If that’s the role you think the media play - or should play - I have shocking news. The news media are on about news. What is news worthy? Anything happening out there that our audience will find interesting or important, although the interesting will always trump the important. Paris Hilton is interesting but of no importance; the latest change in the superannuation rules is important but deadly dull - guess which one gets more media overage?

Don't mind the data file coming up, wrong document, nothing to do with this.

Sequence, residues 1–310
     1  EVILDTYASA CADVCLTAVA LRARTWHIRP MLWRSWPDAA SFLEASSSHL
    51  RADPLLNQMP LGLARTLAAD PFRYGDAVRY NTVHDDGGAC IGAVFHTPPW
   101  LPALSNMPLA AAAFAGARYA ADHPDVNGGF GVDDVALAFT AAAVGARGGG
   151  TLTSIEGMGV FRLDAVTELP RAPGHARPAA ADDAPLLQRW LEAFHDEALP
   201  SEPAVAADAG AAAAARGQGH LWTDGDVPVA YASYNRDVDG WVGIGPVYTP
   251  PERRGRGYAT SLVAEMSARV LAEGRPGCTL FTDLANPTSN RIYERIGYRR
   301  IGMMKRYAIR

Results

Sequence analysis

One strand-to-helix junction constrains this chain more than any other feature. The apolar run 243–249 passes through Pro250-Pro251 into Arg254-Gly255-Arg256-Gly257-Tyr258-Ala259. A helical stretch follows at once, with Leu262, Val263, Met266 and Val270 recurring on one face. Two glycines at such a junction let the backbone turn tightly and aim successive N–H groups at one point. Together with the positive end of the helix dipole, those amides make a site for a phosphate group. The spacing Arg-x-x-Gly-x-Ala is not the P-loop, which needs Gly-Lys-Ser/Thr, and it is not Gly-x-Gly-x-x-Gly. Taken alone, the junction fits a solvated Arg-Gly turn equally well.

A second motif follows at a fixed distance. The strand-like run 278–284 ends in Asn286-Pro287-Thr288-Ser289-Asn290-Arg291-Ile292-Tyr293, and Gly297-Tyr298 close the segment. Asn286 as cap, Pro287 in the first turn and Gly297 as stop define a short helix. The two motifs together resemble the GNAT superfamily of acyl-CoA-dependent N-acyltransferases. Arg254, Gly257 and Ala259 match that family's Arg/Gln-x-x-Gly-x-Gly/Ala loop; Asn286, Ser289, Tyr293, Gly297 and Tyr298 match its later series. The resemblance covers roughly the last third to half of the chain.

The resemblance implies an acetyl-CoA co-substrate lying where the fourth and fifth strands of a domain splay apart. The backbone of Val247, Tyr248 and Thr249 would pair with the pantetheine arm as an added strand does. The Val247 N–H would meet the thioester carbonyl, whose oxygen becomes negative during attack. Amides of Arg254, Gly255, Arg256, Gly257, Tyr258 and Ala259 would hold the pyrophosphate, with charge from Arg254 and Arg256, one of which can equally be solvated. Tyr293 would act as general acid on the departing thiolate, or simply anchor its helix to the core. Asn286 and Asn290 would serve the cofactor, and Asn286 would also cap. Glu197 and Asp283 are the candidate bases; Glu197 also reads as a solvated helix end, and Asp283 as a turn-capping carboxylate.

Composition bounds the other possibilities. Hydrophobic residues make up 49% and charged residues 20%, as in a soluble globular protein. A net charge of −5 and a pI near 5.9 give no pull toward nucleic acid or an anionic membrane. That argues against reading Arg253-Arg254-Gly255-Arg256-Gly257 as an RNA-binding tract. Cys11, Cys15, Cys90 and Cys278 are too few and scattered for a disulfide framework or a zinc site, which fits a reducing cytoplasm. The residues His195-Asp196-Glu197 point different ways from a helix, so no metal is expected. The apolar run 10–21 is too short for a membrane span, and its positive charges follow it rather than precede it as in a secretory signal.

Maybe 99 per cent of what happens in the world is of little interest: 99 per cent of the motorists who crossed the Sydney Harbour Bridge today made it without incident; someone you’ve never heard of went to work as usual and sold a new ring to someone you don’t know; Australia didn’t declare war on New Zealand . . . the list of uninteresting things that happen is endless. Journalists sort through all the things that happen looking for things they believe their audience will find interesting: the 10-car pile-up on the Bridge, Brad Pitt bought a ring for Angelina Jolie to make up after a fight, the Dutch withdrew their troops from Afghanistan.